New World War I Commemorative Coin Unveiled

New World War I Commemorative Coin Unveiled

Photo by: AUSA News

A commemorative coin marking the 100th anniversary of U.S. participation in World War I was unveiled by Acting Army Secretary Ryan McCarthy and Army Chief of Staff Gen. Mark A. Milley at the Association of the U.S. Army’s Annual Meeting and Exposition.

In a small ceremony following the meeting’s opening events, reenactors dressed as American soldiers, NCOs and officers joined McCarthy, Milley, World War I Centennial Commission Chair Terry Hamby and T.V. Johnson, director of the Mint’s corporate communications, for the unveiling.

In his remarks, McCarthy noted that 100 years ago, the modern Army we know today began and its storied divisions came to be in response to worldwide threats that sparked World War I. He thanked Congress for authorizing the $1 collectible coin, and put forth the importance of honoring and learning from the lessons of yesterday’s troops.

“Our soldiers performed a difficult mission and left a legacy that touches us all every day. No war should be forgotten, no military member’s service should be forgotten,” McCarthy said, adding that “the lessons of their service are to be honored and to be learned from. Their service and their inspiring legacy is our nation’s heritage. It if our gift to future generations of America.”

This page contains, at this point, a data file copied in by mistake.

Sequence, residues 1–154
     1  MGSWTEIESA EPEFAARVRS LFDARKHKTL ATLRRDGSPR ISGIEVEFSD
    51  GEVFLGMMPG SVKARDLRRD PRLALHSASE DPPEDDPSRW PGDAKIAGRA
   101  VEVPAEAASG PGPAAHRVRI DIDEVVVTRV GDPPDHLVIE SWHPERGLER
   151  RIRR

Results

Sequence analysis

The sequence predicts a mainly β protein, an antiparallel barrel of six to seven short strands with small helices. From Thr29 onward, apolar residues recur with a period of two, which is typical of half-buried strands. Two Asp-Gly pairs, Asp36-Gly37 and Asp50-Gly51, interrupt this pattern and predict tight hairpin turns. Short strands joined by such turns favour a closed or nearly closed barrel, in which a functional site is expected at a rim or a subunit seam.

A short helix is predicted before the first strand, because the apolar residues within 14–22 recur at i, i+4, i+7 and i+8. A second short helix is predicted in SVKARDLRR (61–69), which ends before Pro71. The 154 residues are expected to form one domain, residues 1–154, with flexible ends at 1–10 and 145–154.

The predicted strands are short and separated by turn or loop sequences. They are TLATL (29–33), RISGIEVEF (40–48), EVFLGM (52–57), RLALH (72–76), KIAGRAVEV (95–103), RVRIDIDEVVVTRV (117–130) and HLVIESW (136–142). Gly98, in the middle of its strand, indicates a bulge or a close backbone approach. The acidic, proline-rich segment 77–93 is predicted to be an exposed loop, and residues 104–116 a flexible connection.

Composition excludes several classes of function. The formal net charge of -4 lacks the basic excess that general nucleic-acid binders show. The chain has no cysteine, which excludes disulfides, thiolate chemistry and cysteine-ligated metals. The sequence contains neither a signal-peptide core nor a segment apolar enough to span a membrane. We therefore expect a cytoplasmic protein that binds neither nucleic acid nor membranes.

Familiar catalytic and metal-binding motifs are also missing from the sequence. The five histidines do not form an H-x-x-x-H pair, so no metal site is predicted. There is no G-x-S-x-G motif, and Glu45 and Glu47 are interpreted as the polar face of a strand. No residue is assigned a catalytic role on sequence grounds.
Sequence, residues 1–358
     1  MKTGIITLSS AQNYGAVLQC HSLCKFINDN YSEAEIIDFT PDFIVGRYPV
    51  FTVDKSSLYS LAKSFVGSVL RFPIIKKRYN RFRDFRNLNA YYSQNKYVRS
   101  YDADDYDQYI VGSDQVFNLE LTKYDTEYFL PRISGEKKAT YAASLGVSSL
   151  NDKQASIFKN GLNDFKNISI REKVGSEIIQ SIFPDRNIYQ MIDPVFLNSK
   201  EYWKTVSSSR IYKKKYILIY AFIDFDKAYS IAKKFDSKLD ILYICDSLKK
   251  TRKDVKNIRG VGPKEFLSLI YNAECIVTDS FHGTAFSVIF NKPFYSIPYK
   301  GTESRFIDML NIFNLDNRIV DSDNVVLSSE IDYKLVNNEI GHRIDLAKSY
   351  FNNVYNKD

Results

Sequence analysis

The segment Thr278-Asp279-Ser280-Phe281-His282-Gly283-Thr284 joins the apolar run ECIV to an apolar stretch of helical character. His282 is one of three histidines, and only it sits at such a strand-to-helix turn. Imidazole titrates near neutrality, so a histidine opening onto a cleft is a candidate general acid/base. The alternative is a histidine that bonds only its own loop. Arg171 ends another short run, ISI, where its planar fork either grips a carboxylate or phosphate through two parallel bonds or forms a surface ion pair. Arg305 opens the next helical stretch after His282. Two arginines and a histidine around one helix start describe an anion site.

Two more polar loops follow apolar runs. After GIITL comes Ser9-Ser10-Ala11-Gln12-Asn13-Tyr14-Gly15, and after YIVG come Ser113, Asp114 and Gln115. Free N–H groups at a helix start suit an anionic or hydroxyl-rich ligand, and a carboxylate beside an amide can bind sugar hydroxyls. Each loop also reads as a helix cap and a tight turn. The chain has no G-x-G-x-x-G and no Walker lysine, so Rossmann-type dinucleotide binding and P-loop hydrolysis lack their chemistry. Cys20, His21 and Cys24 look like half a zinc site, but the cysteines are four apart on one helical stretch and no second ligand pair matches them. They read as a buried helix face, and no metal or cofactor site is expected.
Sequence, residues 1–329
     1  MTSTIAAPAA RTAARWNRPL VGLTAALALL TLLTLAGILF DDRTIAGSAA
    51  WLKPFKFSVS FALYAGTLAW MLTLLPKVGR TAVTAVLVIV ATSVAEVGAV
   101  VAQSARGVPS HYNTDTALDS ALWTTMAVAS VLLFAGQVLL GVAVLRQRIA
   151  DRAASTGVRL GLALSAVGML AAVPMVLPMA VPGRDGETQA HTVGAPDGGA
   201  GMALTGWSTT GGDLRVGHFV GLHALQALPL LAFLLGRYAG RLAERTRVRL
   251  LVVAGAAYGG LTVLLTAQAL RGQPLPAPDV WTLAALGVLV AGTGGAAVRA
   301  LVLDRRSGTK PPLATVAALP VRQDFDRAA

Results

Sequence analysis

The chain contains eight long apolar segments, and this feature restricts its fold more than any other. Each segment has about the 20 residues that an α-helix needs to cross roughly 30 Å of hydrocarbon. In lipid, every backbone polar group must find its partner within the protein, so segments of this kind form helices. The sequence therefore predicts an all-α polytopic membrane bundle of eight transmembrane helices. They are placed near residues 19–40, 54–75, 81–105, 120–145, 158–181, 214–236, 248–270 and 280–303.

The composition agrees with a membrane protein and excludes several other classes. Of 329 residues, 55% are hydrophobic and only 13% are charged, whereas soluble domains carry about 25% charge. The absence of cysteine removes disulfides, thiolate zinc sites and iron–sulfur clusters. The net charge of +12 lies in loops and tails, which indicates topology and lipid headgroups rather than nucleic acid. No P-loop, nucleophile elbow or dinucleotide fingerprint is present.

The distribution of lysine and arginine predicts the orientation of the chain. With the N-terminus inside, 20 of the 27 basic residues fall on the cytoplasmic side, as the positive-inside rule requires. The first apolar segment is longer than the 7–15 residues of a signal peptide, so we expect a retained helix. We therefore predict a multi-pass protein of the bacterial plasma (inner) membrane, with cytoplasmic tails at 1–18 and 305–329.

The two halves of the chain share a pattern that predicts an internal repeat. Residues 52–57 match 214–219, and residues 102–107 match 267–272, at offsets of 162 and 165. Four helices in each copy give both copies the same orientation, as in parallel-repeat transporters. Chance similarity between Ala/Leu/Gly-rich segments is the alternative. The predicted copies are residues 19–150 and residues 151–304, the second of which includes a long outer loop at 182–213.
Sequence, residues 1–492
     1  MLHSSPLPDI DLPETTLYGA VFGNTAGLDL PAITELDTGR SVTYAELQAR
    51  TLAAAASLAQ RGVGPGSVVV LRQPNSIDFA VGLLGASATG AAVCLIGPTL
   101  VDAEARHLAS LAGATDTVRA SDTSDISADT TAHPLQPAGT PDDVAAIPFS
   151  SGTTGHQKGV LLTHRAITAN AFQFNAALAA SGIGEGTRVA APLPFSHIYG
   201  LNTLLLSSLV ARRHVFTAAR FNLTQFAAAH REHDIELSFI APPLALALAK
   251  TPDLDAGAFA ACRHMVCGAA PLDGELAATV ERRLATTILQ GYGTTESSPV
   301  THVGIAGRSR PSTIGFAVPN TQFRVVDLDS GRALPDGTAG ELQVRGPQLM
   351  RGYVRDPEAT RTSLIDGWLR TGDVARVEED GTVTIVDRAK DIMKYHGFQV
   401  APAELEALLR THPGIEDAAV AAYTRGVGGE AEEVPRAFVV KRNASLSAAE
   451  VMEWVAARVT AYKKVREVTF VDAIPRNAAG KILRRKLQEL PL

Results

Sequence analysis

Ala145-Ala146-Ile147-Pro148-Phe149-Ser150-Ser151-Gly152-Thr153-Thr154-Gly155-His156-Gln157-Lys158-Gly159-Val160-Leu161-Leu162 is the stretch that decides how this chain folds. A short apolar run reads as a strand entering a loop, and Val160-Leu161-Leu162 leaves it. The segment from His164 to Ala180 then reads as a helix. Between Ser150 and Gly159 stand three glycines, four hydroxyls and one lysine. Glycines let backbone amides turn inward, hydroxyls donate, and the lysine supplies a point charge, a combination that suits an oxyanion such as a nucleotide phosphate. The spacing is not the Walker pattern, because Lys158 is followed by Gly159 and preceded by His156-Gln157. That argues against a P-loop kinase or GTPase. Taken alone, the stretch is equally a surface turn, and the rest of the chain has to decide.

Developed and produced by the U.S. Mint, the coin was authorized by statute in 2014 through bipartisan legislation. The secretary of the Treasury selected the winning coin design after the Mint held an open design competition in 2016 judged by a six-member panel with three members each from the U.S. Commission of Fine Arts, Citizens Coinage Advisory Committee, and chaired by the secretary of the Treasury’s designee. 

One side of the coin is titled “Soldier’s Charge,” and shows a stone-like soldier gripping a rifle. Barbed wire twines are featured in the lower right-hand side of the design.  On the other side, the wire design continues in a design titled “Poppies in the Wire,” which features abstract poppies mixed with barbed wire.